BLM Planning

Engaging in the planning process with the Bureau of Land Management will help ensure that conservation of wilderness quality and sensitive lands is balanced with other uses.

When the BLM and the public work together to identify appropriate uses and protective measures, our lands can be managed more effectively. This collaborative approach allows for input from local communities and others who care about the future of our last wild places.

The BLM develops Resource Management Plans and makes decisions using the best data, research and science available as well as extensive public involvement. RMPs may be revised or amended as the BLM acquires information and knowledge of new circumstances relevant to land and resource values, uses and environmental concerns. This land use planning process is vital to ensuring proper management of our public lands for future generations.

BLM district planning

With more than 250 million acres at stake, we have an opportunity to help shape the future of BLM lands in Alaska, Arizona, California, Colorado, Idaho, Montana, Nevada, New Mexico, Oregon, Utah, Washington and Wyoming.

Plans open for comment

The BLM is accepting comments on a management plan for southern Wyoming's unique Adobe Town and other citizen proposed wilderness areas. Learn more about these planning efforts and others that are now open to public involvement and comment.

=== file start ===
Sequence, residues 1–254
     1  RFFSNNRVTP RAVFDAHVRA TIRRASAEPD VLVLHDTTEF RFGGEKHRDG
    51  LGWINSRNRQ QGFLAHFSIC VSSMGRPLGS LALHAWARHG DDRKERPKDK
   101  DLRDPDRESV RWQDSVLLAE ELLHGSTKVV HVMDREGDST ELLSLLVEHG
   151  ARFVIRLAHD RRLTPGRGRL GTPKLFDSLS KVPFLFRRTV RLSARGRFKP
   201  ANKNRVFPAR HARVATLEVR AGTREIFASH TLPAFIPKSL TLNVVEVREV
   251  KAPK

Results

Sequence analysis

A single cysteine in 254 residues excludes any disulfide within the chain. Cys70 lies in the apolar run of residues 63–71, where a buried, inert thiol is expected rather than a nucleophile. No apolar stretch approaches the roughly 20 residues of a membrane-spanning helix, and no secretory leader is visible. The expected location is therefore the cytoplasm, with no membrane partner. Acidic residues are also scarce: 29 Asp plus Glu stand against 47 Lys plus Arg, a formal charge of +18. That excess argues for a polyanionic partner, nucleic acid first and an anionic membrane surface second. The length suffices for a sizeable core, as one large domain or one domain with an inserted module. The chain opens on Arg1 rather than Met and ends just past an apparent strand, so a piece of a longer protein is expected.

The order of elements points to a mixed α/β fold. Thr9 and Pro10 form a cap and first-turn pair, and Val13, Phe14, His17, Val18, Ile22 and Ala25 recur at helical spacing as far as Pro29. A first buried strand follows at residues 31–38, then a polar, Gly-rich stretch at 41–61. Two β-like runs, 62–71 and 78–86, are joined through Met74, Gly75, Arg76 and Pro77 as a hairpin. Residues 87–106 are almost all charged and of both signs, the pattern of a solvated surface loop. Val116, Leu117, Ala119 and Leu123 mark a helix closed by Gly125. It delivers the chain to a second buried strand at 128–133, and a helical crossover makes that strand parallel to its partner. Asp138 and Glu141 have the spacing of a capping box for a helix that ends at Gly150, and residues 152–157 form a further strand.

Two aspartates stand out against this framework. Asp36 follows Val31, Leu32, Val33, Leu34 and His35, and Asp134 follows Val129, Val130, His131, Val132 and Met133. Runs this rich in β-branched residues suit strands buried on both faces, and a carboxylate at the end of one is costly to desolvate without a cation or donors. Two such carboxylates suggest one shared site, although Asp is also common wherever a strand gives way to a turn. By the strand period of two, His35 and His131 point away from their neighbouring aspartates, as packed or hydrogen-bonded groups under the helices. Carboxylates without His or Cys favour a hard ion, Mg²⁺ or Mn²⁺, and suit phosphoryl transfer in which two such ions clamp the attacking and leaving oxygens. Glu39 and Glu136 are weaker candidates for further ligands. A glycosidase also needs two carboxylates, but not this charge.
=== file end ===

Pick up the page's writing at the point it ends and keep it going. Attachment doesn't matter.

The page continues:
• Testimony delivered by The Wilderness Society's Chase Huntley to the House Natural Resources Committee Subcommittee on Energy and Mineral Resources

  • A letter to Members of the House of Representatives urging them to oppose HR 4899, a bill that would undermine important wildland protections and force drilling in pristine areas of the National Petroleum Reserve-Alaska

  • Every year, a coalition of conservation and environmental groups produce a report to help Congress as it debates the federal budget for the year. This report, has typically been to referred to as the "Green Budget." This year, it is titled "Green Investments," and it illustrates the importance of reinvesting in conservation and natural resources programs for Fiscal Year 2015 by looking at some of the effects of recent budget cuts.